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Back home in Indiana, inside a futuristic space-age looking room, medical scientists and a team of radiation oncology specialists, will soon activate an atomic accelerator and fire protons at full speed through a device called a cyclotron and into the body of a cancer patient. In a few seconds, the proton beam kills cells in a cancerous tumor, leaving nearby healthy cells untouched.
This was the vision of medical scientists more than 50 years ago, and now this vision is not so far away as Indiana University's Midwest Proton Radiotherapy Institute (MPRI) in Bloomington becomes a reality later this spring.
"When its all said and done, this is a facility that will treat our families from the Midwest," said Dr. Allan Thornton, who recently came to Indiana by way of the Massachusetts General Hospital to be MPRI's medical director.
"This brings it right down to the personal level", Thornton said. The new Midwest proton center is expected to eventually have the capacity to treat 850 patients a year. But it will be a year or more before the entire operation is in full swing, Dr.Thornton noted. And possibly several years before it reaches its full potential. "We like to walk before we run," he emphasized.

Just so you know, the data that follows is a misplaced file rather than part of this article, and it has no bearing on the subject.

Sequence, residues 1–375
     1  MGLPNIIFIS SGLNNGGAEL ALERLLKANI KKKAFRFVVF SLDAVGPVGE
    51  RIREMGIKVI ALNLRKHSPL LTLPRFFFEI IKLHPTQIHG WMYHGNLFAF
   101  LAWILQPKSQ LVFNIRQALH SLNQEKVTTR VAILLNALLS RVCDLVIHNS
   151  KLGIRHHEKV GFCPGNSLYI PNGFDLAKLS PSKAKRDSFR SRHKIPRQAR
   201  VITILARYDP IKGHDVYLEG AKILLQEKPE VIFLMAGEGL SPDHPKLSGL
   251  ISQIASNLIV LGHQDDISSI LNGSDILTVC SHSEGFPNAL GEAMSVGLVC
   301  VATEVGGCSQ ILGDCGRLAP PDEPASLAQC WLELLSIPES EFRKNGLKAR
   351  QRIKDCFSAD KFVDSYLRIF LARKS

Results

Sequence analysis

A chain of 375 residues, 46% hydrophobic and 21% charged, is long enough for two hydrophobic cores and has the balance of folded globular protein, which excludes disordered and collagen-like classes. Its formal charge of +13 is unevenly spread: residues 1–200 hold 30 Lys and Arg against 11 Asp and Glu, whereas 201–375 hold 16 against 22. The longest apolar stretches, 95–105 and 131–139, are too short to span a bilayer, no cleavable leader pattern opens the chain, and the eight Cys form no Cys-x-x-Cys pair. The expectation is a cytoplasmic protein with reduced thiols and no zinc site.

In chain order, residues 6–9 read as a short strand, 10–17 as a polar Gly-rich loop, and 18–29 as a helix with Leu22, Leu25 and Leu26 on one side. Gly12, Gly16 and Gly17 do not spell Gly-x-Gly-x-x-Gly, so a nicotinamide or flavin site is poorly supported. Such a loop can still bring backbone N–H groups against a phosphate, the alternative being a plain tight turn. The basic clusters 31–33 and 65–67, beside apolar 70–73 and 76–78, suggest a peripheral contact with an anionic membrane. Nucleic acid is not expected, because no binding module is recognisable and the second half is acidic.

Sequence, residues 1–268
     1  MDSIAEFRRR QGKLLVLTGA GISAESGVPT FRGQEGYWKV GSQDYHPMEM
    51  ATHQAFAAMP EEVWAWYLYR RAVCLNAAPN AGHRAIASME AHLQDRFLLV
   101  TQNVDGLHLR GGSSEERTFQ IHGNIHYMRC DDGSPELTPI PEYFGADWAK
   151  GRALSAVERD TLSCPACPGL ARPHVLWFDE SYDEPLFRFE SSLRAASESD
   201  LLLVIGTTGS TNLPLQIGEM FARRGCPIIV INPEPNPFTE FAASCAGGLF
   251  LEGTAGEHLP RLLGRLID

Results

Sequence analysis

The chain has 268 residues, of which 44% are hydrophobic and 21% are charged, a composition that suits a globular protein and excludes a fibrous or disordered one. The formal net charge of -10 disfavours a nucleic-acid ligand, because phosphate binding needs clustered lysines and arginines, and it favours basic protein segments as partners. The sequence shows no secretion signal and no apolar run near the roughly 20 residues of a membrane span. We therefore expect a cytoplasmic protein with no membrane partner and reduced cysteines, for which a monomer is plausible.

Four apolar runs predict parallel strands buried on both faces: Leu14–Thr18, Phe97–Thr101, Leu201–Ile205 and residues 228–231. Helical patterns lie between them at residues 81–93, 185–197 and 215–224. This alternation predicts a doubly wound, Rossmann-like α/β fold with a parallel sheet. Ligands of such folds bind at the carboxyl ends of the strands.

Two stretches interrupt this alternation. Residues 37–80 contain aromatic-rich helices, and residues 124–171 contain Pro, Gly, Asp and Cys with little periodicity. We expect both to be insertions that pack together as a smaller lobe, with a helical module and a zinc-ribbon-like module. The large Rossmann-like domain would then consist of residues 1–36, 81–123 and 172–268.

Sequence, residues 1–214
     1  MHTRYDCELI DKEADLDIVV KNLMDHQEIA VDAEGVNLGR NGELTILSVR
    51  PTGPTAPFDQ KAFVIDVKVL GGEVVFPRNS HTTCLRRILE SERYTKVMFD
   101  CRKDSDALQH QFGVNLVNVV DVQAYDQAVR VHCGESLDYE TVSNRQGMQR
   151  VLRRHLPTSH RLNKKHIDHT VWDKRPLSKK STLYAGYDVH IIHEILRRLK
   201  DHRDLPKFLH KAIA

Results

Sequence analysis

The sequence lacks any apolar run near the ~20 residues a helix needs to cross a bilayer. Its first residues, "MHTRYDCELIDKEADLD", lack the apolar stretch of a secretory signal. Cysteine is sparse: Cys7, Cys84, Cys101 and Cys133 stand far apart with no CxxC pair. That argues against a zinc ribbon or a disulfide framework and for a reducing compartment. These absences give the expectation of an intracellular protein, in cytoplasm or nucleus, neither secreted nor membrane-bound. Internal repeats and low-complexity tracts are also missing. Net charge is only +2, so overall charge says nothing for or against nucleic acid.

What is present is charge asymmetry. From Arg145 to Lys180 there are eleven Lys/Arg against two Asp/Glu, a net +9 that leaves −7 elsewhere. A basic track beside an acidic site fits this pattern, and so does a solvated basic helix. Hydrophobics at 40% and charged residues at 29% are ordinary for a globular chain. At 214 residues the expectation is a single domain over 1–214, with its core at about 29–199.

MPRI will also help the local college town economy. It will attract patients and their families from the Midwest region to Bloomington and pump millions of dollars into the area economy. It will also add about 50 jobs."
The world's first hospital-based proton center opened in 1990 at Loma Linda University Medical Center in southern California. Loma Linda has treated more than 8,000 patients with proton beam radiation therapy in the last 12 years, mostly men with prostate cancer.
In 2000, the Northeast Proton Therapy Center at Massachusetts General Hospital opened and is treating cancer patients. MPRI will become the third proton center and will put the nation's midsection on the proton map and in the forefront of advanced medical treatment.
The future for more regional proton centers also looks bright. In the southwest, the highly respected cancer program at M.D. Anderson Cancer Center in Houston will add protons to its treatment mix. As will the University of Pennsylvania Medical Center in Philadelphia, and the University of Florida's Shands Medical Center in Jacksonville.
"After a decade of proving at Loma Linda that proton therapy actually works, its becoming a mainstream cancer treatment option," said Leonard Arzt, executive director of the National Association for Proton Therapy. "The public has become knowledgeable about the benefits of proton therapy. That's why we've seen a demand for more regional proton centers. People want to limit their travel time and stay closer to home."
Since its approval by the FDA in 1988, as well as by Medicare and other insurance providers, proton therapy has become a preferred radiation treatment option for certain types of tumors. Compared to standard x-ray radiation therapy, protons minimize side effects and provide more precision coupled with a heavier, but more controlled radiation dose.
Patients can reach Indiana University's proton facility by calling the MPRI toll free number at 1-866-487-6774.
For further information contact: Leonard Arzt at 301-913-9360 or log onto www.proton-therapy.org .
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